When does a scientific mentality begin, and why? Vertebrate paleontologist Edward Drinker Cope (1840-1897), known for Cope's Rule-that organisms of a species tend to get larger over time-recorded observations of Ichthyosaurus, an extinct marine reptile, at the tender age of 6 (Huntington 1998; Clary, Wandersee, and Carpinelli 2008). He was obviously an inquisitive child.
What about students of today? Might they forego computer games, social media, and TV to participate in scientific learning during their weekends and summer vacations? And can the professional scientists who donate their time to help them simultaneously conduct legitimate scientific research?
The answer to these questions is a resounding "Yes!" For over a decade, we have recruited high school students and their younger siblings, parents, and grandparents to participate in summer camps focused on entomology, wildlife, and natural resources (Figure 1, page 52). However, you don't need a summer camp to promote curiosity and inquiry. All you need are some good "citizen science" entomology investigations. In this article, we share some of our favorites and suggest how to incorporate them as "backyard extensions" of your own classroom lessons.
Larval beginnings: How it all started
The year was 1994, and entomologists at Mississippi State University were brainstorming ways to introduce their discipline to young people. The group eventually decided on a 4-H Entomology Camp at Holmes County State Park, chosen for its location in the geographic center of the state. The camp would be intergenerational and, as far as we knew, was the first residential entomology camp in the world (Williams et al. 2008).
The camp concept caught fire and soon became an annual event. We held it in various locations and invited professional entomologists to collect data and research and share their knowledge and skills with our campers. We expanded the scientific content and integrated new research and scientists into the program. Medical entomologists, botanists, and geologists attended the camps not only to instruct students but also to continue their research-investigating pine beetle populations, assembling acoustic records of nocturnal insects, constructing pit traps, and setting up a white sheet with an ultraviolet light to attract night-flying insects. The scientists also modeled research habits and shared their concerns and soon turned our campers into "citizen scientists" attuned to biodiversity, invasive species, and scientific methodologies.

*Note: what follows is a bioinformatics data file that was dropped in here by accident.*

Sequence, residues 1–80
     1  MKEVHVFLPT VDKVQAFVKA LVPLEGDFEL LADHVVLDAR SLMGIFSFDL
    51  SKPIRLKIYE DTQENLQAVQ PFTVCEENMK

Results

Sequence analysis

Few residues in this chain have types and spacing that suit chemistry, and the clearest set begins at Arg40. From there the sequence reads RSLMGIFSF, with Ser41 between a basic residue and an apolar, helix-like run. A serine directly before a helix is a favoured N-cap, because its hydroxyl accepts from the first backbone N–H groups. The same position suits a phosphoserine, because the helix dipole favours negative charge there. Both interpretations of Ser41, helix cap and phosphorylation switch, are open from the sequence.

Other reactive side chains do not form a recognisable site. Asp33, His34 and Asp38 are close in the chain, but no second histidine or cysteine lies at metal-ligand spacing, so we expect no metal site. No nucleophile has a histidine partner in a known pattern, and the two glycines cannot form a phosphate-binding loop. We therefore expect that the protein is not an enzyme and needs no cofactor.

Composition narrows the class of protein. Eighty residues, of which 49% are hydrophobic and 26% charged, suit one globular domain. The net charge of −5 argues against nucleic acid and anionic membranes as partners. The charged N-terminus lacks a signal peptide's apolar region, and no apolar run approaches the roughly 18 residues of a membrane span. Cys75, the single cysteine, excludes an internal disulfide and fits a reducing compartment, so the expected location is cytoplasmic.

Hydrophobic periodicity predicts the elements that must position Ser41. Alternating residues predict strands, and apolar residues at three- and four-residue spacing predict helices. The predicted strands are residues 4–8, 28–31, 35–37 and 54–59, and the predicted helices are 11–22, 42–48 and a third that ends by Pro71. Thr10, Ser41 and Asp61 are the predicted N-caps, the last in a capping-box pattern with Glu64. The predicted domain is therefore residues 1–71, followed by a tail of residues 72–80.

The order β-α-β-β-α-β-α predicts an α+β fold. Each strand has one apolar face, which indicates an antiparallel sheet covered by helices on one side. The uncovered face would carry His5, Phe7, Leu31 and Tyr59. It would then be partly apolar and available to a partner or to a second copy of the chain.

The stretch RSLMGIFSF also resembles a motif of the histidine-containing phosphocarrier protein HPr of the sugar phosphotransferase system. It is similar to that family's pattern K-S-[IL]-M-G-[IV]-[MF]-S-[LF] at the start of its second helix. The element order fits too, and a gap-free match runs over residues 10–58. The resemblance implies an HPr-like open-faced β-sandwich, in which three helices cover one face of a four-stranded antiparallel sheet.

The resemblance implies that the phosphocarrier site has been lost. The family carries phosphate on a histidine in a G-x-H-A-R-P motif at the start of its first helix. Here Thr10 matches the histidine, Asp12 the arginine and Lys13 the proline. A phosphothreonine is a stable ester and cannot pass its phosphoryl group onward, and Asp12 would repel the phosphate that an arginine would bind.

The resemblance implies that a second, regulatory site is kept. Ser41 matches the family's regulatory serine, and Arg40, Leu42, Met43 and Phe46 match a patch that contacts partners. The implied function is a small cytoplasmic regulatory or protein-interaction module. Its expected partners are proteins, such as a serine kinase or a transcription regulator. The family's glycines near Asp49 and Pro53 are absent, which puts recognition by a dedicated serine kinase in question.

Dr. Richard Brown, an internationally recognized lepidopterist (moth specialist) at Mississippi State, noted that involving students in the research process at entomology camp was essential: "It's important in order to continue documenting the biodiversity on this planet," Brown noted. "We are still finding many undescribed species not previously discovered." Some of these new species were first collected at entomology camp.
Our camp experiences showed that students were enthusiastic for "bug" research projects conducted within the local environment--effectively extending learning beyond the classroom walls. We found that, after the camps concluded, students continued their investigations at home.
Many of these investigations work within a basic unit on entomology and biodiversity. So we propose that teachers expand these units to include authentic data collection and scientific investigations within students' own backyards (Clary and Wandersee 2009). These can include
* surveys of insect orders (the classification rank above species, genus, and family) in various locations,
* identification of the variety and numbers of insects entrapped by carnivorous plants,
* temperature variations as detected by crickets, and
* investigations into the density of deer fly populations.
We can also make …